Ministers are ready to reduce the quarantine to 10 days to save summer vacation for millions of families whose trips abroad were at stake last night.
The government fears that its sudden decision to force British people returning from Spain to self-isolate for 14 days will frighten mass cancellations and end the holiday season.
Quarantined tourists fear that the two weeks at home could cost them paid work, especially for those who cannot work from home.
If you shave four days before the two-week quarantine, you can convince those who grapple with the question of whether or not to fly to advance their journey.
According to Matt Hancock's suggestions, returning travelers who take a negative test eight days after landing will be given the go-ahead to break the quarantine two days later.
The additional two days are a buffer in the event of symptoms, according to the Daily Telegraph, which first revealed the planned reduction.
A source informed MailOnline that reducing the quarantine time from 14 to 10 days was a "live discussion".
British arrive at Malaga-Costa del Sol airport and are quarantined on their return to the UK
Travelers could lose their vacation AND cash as airlines refuse to cancel flights to Spain
The airlines refuse to cancel flights to Spain – although the government advises against all but essential travel.
The move means that hundreds of thousands of British families are in the balance and are at risk of losing thousands of pounds.
It also conflicts with the government because it ignores an edict of public security.
The government issued the travel warning after the appearance of a second wave of corona viruses in parts of Spain.
Customers would normally expect travel agents to cancel flights and offer refunds.
But all major airlines that have suffered massive losses after the collapse of air traffic continue to offer the flights.
This means that families may lose their vacation and money.
It comes after the government has extended travel restrictions to the Spanish islands and warned that other vacation destinations could follow.
The Federal Foreign Office is now warning of "anything but essential" trips to the Balearic and Canary Islands, which have already done this for the mainland.
The travel company Jet2 reacted to yesterday's dictation by canceling flights to all Spanish destinations and asked passengers not to go to the airport.
Downing Street warned, "Unfortunately, no travel is risk-free during this pandemic." Sources said there were "no immediate plans" to change travel and quarantine advice to other countries.
However, Croatia and Belgium are worrying and the ministers are also monitoring France and Germany.
Last night, Grant Shapps canceled his own vacation in Spain to deal with the crisis.
The Minister of Transport, whose wife and children continue their vacation without him, has to be quarantined at home for two weeks.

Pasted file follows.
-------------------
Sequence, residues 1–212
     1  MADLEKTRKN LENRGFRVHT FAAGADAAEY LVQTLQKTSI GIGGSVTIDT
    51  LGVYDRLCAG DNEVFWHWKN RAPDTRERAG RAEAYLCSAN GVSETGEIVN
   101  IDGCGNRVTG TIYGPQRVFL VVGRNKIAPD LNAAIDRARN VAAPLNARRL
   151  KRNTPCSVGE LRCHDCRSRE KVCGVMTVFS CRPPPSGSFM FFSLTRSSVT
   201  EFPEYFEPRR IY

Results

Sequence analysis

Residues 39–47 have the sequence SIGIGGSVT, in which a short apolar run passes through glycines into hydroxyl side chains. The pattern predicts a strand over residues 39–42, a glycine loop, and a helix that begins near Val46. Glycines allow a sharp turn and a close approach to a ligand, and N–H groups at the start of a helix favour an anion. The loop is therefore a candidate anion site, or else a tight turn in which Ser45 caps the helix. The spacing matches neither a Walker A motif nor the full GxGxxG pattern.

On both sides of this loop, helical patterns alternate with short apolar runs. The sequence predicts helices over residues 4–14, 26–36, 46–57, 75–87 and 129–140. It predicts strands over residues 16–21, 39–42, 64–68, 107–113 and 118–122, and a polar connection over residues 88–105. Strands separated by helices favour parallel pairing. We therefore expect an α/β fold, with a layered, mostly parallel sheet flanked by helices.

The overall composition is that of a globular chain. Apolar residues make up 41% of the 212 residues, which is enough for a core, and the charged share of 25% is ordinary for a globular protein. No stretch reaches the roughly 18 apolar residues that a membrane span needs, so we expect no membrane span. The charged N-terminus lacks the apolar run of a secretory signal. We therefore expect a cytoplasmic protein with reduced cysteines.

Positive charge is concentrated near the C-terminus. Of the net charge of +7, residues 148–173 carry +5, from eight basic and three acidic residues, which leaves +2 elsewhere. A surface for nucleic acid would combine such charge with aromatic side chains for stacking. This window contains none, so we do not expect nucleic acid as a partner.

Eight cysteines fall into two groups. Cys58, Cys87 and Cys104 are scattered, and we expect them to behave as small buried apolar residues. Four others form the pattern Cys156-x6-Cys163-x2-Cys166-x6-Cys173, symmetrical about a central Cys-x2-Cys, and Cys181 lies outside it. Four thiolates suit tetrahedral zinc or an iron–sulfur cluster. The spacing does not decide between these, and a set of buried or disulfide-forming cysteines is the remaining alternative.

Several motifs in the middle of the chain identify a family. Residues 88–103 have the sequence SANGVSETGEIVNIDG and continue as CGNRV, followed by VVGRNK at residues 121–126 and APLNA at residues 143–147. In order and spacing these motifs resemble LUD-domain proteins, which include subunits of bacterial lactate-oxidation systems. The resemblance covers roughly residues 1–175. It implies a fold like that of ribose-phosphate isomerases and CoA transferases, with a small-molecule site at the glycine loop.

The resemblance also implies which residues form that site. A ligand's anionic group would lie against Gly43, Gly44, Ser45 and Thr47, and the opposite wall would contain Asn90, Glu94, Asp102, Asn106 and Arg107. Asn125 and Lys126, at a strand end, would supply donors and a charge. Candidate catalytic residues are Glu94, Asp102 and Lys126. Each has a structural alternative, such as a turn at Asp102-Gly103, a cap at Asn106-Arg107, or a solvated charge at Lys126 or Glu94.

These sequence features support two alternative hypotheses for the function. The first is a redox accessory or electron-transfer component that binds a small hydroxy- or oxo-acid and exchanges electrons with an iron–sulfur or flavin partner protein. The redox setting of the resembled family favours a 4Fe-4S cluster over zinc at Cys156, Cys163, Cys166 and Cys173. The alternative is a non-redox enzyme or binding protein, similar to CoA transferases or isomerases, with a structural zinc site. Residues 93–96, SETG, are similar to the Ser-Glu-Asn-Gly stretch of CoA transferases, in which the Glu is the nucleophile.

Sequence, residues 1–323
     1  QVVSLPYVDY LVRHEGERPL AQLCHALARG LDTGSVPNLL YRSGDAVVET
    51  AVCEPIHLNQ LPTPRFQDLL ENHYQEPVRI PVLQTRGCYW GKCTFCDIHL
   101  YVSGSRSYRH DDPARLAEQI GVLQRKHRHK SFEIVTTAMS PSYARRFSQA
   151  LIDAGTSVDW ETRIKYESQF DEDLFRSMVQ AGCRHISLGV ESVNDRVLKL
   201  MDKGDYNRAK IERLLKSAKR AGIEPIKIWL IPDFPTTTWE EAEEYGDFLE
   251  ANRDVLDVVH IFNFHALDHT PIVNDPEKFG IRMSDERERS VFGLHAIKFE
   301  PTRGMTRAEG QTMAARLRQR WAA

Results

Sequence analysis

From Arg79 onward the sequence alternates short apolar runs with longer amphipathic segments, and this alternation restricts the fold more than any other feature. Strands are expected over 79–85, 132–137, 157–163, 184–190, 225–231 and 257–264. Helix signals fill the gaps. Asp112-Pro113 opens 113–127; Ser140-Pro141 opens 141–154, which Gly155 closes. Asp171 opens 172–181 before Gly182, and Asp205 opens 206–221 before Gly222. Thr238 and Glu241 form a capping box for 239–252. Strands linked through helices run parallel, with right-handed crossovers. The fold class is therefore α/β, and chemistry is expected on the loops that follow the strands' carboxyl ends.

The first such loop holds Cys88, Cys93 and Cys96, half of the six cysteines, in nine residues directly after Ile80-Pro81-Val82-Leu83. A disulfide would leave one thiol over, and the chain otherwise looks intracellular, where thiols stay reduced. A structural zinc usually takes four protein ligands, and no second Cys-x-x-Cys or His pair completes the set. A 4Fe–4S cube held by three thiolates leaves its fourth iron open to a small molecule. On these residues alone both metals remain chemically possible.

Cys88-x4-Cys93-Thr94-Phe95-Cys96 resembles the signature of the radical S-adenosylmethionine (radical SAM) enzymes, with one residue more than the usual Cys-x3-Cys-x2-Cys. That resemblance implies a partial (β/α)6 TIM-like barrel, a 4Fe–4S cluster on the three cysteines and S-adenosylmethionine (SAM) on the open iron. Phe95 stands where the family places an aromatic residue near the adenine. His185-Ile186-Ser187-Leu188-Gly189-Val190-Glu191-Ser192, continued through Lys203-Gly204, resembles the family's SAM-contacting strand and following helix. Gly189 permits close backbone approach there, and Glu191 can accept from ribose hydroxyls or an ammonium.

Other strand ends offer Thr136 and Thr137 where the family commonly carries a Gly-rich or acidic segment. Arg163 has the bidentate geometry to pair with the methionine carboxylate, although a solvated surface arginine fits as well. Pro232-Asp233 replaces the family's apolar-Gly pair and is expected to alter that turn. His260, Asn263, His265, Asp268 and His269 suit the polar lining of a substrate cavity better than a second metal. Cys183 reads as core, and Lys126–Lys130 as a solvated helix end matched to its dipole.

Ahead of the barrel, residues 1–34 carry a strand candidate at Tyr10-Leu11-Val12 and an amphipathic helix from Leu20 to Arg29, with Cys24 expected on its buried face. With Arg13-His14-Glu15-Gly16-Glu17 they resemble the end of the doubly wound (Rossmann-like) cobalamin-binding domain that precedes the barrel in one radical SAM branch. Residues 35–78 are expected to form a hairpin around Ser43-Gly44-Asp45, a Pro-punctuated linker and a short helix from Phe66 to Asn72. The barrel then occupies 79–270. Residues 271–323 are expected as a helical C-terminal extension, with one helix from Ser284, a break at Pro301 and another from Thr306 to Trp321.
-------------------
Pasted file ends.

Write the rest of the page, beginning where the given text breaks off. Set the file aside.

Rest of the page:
He told the mail that he felt "not right" and would go on vacation if others ruined her plans.
Cabinet Minister Michael Gove canceled a trip to the Balearic Islands on Saturday.
Ministers faced a backlash from travel experts and the aviation industry last night over the "chaotic" approach to airlift policy that has only existed for three weeks.
The Spanish government, international airline bosses, vacationers and travel agents said Britain was wrong about security, science and economic impact.
Former Tory cabinet minister Michael Portillo said it was "a deliberate attempt to ruin recovery."
However, a government source said: “This has always been a security policy. If we believe that there is a risk that we will import cases from overseas, we will act decisively to prevent this. & # 39;
The advice was changed as follows:
- The British began to cancel trips across Europe because they feared the trip would be prohibited and quarantine rules imposed.
- The head of Tui, Britain's largest travel company, called for tax breaks for the industry as the sector's stocks plummeted.
- The company canceled holidays in the Balearic and Canary Islands last night.
- Health Minister Lord Bethel said the government relied on vacationers to voluntarily isolate themselves because they could not monitor the rules.
- Downing Street admitted that some returning Britons may have to sign up for benefits if their employers refuse to pay them while isolating themselves.
- There were fears that some British tourists in Spain could be locked up if the number of cases increased;
- The Spanish government said Britain had overreacted and should immediately lift the quarantine rules on its islands.
- No. 10 declined calls to replace the quarantine with a test regime at airports.
The government shocked the nation and the travel industry over the weekend with new advice against all but essential travel to mainland Spain.
Tourists today walk in front of the airport with their luggage upon arrival in Palma de Mallorca, Spain
At the same time, it was said that anyone returning from there should go into 14-day quarantine. If you break the quarantine, you will be fined GBP 1,000.
The decision was made for fear of a second wave of Covid in Spain after the number of cases increased by 75 percent in just 48 hours last week.